Free Jazz on Independent Labels
    The Avant-Garde Goes Mainstream
    John Coltrane as a Free-Jazz Symbol
    Listening Guide 35: "Jupiter" by John Coltrane and Rashied Ali

    Chapter 16. Jazz Goes Electric: Fusion, Jazz-Funk, and Smooth Jazz
    Bitches Brew
    Listening Guide 36: "Miles Runs the Voodoo Down" by the Miles Davis Band
    The Sobering Seventies
    The Offspring of Miles: Fusion Explodes on the Scene
    Listening Guide 37: "Birds of Fire" by Mahavishnu Orchestra with John McLaughlin
    Jazz-Funk Fusion
    Smooth Jazz in a Declining Economy
    Listening Guide 38: "Don't Make Me Wait for Love" by Kenny G

    Chapter 17. Back to the Future: Wynton Marsalis and the Jazz Tradition
    A Tale of Two Approaches
    Listening Guide 39: "Tutu" by Miles Davis
    Listening Guide 40: "Delfeayo's Dilemma" by Wynton Marsalis Group
    Trickling Down with Ronald Reagan
    The Jazz Heritage and the Compact Disc
    The Young Lions of Neo-Bop

    Chapter 18. Jazz in the Age of Technology: Hip Hop-Jazz, Acid Jazz, and the Internet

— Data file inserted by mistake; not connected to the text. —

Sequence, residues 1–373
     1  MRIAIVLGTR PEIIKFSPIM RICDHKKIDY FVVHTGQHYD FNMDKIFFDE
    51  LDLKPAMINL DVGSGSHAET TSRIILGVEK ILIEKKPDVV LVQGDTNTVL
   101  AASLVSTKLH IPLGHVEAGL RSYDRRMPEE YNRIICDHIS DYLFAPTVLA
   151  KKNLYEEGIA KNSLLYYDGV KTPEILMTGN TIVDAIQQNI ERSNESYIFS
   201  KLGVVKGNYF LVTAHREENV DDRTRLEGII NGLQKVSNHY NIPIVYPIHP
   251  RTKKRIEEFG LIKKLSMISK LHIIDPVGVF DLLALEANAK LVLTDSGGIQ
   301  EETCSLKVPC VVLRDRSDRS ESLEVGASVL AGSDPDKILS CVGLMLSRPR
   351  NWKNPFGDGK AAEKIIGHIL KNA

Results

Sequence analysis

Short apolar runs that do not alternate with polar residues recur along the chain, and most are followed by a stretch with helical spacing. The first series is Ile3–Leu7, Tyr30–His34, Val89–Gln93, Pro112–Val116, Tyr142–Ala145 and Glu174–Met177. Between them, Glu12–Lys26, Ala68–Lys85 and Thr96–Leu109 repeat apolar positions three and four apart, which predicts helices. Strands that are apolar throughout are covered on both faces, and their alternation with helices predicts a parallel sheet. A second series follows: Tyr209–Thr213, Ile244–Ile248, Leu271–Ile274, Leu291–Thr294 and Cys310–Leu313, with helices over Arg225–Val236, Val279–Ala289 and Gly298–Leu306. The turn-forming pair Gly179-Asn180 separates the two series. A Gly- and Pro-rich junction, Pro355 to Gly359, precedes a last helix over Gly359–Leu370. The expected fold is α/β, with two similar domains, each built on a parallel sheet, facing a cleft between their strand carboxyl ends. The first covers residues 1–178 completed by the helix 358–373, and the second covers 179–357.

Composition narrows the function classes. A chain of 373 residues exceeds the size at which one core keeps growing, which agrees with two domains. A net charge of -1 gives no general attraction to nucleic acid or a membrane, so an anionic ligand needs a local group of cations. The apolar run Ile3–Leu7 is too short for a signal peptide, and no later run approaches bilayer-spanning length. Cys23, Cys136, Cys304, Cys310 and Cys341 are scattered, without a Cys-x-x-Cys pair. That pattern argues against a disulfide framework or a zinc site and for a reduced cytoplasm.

Chicago House
    A Rave New World
    The Birth of Acid Jazz
    Acid Jazz Takes Hold
    Listening Guide 41: "Put the Funk Back in It" by The Brand New Heavies
    Hip-Hop Jazz
    Listening Guide 42: "Rockit" by Herbie Hancock
    Listening Guide 43: "Jazz Music" by Gang Starr
    How the Internet Transformed the Jazz Business

    Chapter 19. Jazz in a Troubled Twenty-First-Century America: Hard Times, Black Lives Matter, and #MeToo
    War and the Great Recession
    The Jazz Songstresses
    Listening Guide 44: "I Remember You" by Diana Krall
    The Twenty-First Century Sinatras
    Listening Guide 45: "That's Life" by Michael Buble
    The Resurgence of Tony Bennett
    Jazz in a Divided America: Black Lives Matter
    Listening Guide 46: "This Is Not Fear" by The Robert Glasper Experiment
    Jazz and the #MeToo Movement